If Michael Bloomberg does indeed launch a third-party bid for the Presidency, Donald Trump may be our next President. Don’t stop reading—hear me out. It really could happen. And the scenario is not all that far-fetched.
Here is how it would play out:
Donald Trump either wins or comes in a close second in Iowa. He then wins New Hampshire. At that point, 5 or 6 of the other Republican candidates (Fiorina, Kasich, Pataki, Paul, Christie, and Santorum) drop out of the race. Marco Rubio, Jeb! Bush, and Ted Cruz all stay in. Cruz takes South Carolina and Trump takes Nevada. Jeb! and Marco Rubio split the “native son” vote in Florida and Donald Trump beats them both in their own state. All 4 try to hang on until March 1—Super Tuesday. Trump emerges from Super Tuesday with the largest number of delegates and Marco Rubio drops out, figuring he’s young and will have more chances down the road. Jeb! would also drop out at this point, having too much pride to stay in a race in which he is losing to Donald Trump and Ted Cruz. Trump goes on the win the nomination because Ted Cruz is quite possibly the most unlikeable person I have seen on the national stage since George Wallace, Pat Buchanan, and Antonin Scalia. At least Trump is entertaining—Cruz is just a smug know-it-all whose thirst for power is really off-putting, even to other Republicans.
On the Democratic side, there are several paths that lead to a Trump Presidency. No matter which of the Democrats gets the nomination, you can see the how s/he could lose in November. If it is Bernie Sanders, the Republicans scare the hell out of America by using the word “Socialist” in every sentence they speak. If it is Hillary Clinton, a final report comes out about her ill-advised use of a private e-mail server for State Department business and it concludes that she did indeed keep and send secrets. This plays into the already-common doubts about her trustworthiness and her candidacy is fatally tainted.
At this point, former NY City mayor Michael Bloomberg steps into the race and runs as an Independent candidate for President. He spends a billion dollars of his own fortune and attracts many independents, who make up fully 39% of registered voters in the United States.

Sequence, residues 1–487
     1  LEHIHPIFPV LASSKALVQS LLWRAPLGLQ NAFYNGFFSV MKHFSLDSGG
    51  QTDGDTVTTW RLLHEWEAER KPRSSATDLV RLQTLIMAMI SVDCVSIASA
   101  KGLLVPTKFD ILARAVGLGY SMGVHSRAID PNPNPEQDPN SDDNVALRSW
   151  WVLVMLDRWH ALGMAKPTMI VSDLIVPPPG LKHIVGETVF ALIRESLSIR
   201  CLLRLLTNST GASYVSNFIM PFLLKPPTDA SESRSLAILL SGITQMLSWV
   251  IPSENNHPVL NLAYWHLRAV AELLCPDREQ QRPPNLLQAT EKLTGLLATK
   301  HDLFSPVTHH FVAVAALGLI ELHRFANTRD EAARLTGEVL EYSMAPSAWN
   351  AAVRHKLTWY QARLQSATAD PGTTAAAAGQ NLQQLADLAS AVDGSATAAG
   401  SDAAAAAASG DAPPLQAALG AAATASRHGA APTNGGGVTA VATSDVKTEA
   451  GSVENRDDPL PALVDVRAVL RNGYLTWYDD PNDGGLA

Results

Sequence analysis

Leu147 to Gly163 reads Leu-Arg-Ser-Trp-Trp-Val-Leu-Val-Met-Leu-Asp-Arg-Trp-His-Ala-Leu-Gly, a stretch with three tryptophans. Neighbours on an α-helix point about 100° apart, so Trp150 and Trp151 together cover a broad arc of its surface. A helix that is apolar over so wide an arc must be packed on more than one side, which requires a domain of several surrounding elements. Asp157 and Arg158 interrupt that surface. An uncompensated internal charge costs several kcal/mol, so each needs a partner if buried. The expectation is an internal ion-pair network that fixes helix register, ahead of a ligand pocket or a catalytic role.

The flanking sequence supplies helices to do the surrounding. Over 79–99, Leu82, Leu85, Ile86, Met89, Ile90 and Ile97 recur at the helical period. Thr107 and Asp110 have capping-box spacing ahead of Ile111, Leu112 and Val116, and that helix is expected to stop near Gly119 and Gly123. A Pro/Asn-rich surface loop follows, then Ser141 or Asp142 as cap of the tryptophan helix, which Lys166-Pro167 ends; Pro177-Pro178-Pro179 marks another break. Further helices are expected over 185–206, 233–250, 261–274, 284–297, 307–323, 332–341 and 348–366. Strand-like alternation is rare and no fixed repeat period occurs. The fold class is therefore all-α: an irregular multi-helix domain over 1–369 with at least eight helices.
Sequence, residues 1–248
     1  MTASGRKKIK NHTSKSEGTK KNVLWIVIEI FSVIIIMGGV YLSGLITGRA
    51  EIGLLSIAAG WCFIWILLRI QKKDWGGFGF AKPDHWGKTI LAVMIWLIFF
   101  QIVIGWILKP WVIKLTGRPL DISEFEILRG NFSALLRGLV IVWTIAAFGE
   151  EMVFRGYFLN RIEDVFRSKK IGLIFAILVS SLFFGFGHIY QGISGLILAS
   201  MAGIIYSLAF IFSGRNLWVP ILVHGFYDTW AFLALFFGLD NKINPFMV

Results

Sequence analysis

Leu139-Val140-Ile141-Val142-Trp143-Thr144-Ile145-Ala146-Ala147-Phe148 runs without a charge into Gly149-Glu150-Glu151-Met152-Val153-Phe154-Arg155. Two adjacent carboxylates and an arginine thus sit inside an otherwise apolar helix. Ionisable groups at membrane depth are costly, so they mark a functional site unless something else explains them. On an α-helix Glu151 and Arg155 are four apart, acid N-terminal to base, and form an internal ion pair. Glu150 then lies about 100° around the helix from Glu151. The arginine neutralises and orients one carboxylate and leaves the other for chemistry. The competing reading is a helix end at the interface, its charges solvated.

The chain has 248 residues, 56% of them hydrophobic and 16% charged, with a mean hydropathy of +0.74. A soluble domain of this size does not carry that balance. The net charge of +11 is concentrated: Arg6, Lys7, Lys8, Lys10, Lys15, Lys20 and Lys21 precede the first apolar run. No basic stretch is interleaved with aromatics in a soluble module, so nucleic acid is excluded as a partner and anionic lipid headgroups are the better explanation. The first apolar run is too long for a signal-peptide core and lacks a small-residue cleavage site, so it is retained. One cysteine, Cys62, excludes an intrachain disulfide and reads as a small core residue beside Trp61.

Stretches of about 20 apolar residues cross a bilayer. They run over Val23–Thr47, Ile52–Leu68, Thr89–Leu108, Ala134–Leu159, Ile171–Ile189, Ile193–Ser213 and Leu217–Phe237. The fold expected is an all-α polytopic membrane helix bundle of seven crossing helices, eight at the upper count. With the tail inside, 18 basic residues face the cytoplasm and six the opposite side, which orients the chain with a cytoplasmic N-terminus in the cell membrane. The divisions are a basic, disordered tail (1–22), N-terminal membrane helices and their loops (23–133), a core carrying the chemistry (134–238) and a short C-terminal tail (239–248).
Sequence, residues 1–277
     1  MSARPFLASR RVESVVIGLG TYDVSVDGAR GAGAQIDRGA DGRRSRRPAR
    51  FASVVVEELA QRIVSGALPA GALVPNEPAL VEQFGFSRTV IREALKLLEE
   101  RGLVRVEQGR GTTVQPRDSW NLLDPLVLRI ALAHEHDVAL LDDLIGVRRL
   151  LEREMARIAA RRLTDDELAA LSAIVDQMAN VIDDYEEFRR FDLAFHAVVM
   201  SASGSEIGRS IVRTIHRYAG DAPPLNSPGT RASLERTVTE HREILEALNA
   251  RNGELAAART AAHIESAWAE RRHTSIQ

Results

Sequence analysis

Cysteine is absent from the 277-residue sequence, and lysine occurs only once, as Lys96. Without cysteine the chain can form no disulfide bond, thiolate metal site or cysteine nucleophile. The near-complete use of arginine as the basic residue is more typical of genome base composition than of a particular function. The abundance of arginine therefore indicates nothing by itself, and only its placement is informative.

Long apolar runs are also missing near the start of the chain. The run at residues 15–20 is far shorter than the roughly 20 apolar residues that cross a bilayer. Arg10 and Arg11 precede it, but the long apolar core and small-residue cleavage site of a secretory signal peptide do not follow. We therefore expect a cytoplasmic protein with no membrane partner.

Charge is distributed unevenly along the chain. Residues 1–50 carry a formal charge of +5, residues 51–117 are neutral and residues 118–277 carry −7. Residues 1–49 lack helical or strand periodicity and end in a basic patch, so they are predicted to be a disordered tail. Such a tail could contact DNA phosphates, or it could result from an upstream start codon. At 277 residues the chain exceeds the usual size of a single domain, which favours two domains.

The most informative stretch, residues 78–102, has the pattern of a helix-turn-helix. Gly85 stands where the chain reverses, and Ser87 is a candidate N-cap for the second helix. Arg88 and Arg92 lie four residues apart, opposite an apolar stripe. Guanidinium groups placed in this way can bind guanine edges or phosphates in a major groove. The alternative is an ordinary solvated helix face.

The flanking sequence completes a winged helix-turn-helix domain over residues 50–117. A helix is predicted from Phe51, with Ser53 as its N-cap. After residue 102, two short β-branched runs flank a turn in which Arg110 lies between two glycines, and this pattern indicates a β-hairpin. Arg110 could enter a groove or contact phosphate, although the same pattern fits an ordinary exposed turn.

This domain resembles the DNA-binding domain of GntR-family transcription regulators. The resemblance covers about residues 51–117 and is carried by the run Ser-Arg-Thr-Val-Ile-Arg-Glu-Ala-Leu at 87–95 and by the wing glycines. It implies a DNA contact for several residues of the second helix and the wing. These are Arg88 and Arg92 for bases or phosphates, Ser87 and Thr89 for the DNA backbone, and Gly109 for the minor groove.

On Election Day in November none of the three candidates wins enough states to garner 270 electoral votes. In this case, the power to chose our next President goes to the House of Representatives. The Constitution states that the House must choose from among the top three vote-getters. However, the way the House chooses matters.
It matters a LOT. It is not a case of one person, one vote. Rather, each state delegation gets just one vote. The current configuration of the House has just 13 state delegations that are majority Democratic in membership. 37 states have more Republicans than Democrats. So if the 13 states with Democratic majorities in the House all vote for Hillary/Bernie, that leaves a shortfall of 13 Republican-dominated state delegations that would need to vote for Bernie/Hillary to make him/her President. That would never happen.
Either Donald Trump or Michael Bloomberg would need to get 26 state delegations to vote for him in order to become President. I cannot imagine 26 Republican-led groups of US Representatives voting for Michael Bloomberg, with his history of vocal and financial advocacy for stricter gun control laws, to be our next President.
Donald Trump would win, pretty much by default.
When The Donald descended on his escalator to the strains of Neil Young’s “Rockin’ in the Free World” and the cheers of his (paid) audience of “supporters,” I did not take him seriously. I still don’t, but that does not mean he cannot win.